So as with any form of digital investigation, feasibility (as well as professional competence) often depends on utilizing the right technology for the job.  As law firms, law enforcement, eDiscovery service providers and private investigators all work social discovery investigations into standard operating procedures, it is critical that best practices technology is incorporated to get the job done. This important LTN review is an emphatic punctuation of this necessity.


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Judges Believe Social Media will Have Biggest Effect on eDiscovery Over the Next Two Years

The good folks at Exterro recently released a very interesting report titled “Federal Judges Survey, eDiscovery Best Practices and Trends.”  The title includes a link to download the report, which I highly recommend reading as it is good to know what the judges who rule on eDiscovery all the time are thinking.  Overall, the report calls for some necessary disruptive change in the practice of eDiscovery in order to demonstrate competency.  There are some excellent tips in the report on how eDiscovery professionals can improve and what kinds of trends we should be on the lookout for.

One finding stood out to me in particular – the Judges surveyed felt that social media would be the technology trend with the biggest effect on eDiscovery over the next two years.

Exterro Survey

As the report states, “Attorneys must be aware that all emerging technology platforms are just like email; if they hold relevant evidence you are accountable for preserving the data.”  At X1, we’ve known this for quite some time.  We’ve blogged about cases where the old way of doing social discovery – print screen – has been shown to lack authenticity standards and not meet the duty of competency that lawyers must meet.  To see the Judges recognize this as a critical trend rather than just a niche corner of the market validates what we have known for years.

It is no coincidence that X1’s Social Discovery product continues its rapid upward trajectory.  There is simply no other product on the market that offers a true investigative platform for this critical new data type.  Such a social media investigative platform will include:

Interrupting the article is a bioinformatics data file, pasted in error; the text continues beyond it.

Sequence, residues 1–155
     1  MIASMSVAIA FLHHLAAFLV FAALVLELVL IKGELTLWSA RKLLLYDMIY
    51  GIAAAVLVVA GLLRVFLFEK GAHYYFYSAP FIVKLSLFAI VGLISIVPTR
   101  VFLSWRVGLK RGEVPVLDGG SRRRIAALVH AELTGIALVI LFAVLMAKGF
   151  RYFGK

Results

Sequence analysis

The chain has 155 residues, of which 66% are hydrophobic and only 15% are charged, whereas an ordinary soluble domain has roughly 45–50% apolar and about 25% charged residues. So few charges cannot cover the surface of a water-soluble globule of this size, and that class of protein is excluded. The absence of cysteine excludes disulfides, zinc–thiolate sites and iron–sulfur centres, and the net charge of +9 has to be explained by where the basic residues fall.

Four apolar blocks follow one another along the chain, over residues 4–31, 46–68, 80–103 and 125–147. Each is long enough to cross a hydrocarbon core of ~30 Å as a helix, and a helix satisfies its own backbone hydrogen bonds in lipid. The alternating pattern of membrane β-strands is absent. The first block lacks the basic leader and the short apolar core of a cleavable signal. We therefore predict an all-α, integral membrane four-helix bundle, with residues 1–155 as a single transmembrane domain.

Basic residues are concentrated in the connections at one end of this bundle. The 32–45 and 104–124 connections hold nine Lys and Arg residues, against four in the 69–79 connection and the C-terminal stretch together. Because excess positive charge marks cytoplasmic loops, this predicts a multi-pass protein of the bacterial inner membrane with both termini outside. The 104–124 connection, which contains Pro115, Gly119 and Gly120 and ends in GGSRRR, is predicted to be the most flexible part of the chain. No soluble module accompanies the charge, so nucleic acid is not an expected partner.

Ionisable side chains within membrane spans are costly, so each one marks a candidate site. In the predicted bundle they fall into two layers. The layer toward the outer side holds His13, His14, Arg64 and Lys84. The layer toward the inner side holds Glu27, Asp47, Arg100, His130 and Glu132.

• Tight API connections to the major social media publishers like Facebook, LinkedIn, Twitter, and Instagram. The API connection allows for the capture of unique metadata that each publisher adds to its data.
  • A web crawler and capture capability that creates a copy of the page to be stored for processing into a preservation repository.
  • The ability to keep data forensically sound. This requires calculating MD5 hash values of individual items upon capture and maintaining those values through export. The platform must keeps logs and reports of all actions on data. It also must be able to use metadata to establish chain of custody and authentication.

The challenge with social media – unlike email – is that much of the data resides outside the walls of an organization.  Collection of social media becomes a challenge. Companies cannot simply call Facebook or Twitter and request all of the information for various custodians.  It is possible to take screenshots of various web pages or social media sites, but as case law points out, screenshots are not necessarily admissible as evidence.  Plus, screenshots take a technical toll on eDiscovery – they can be difficult to index and may require OCR, which still may not be able to pull text out of the image.  That is where an investigative platform like X1 Social Discovery is so important to a competent eDiscovery practice.


Filed under Best Practices, Social Media Investigations

Highlights from Reed Smith’s SharePoint eDiscovery Webinar

by John Patzakis